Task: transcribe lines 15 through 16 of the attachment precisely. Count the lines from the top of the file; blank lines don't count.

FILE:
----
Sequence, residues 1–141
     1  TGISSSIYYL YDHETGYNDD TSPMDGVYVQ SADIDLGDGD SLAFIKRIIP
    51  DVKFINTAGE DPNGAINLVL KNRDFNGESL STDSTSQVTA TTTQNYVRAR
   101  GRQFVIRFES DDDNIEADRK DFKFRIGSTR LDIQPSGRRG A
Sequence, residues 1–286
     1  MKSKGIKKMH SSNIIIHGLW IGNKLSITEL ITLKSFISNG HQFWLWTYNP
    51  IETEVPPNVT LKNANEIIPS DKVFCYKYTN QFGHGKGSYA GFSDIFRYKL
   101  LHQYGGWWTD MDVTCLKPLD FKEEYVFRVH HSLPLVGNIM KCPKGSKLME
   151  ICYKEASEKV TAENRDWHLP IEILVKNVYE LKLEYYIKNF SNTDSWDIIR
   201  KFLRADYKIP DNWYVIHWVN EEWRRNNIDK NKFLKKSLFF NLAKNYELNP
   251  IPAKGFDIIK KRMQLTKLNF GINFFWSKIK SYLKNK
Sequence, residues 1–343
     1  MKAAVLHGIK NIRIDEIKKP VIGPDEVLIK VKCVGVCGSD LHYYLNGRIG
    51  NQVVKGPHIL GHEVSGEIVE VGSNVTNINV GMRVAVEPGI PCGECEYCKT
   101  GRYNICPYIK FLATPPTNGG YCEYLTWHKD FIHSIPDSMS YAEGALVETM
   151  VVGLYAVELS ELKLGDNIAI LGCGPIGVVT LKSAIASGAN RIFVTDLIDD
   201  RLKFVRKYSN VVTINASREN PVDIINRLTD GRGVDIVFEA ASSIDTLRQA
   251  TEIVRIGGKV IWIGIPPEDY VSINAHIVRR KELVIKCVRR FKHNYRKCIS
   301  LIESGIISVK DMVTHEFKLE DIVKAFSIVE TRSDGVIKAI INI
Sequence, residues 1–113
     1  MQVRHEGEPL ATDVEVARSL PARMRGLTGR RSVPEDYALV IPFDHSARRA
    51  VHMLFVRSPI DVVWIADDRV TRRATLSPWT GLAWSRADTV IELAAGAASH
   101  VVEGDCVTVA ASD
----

   101  GRYNICPYIK FLATPPTNGG YCEYLTWHKD FIHSIPDSMS YAEGALVETM
   151  VVGLYAVELS ELKLGDNIAI LGCGPIGVVT LKSAIASGAN RIFVTDLIDD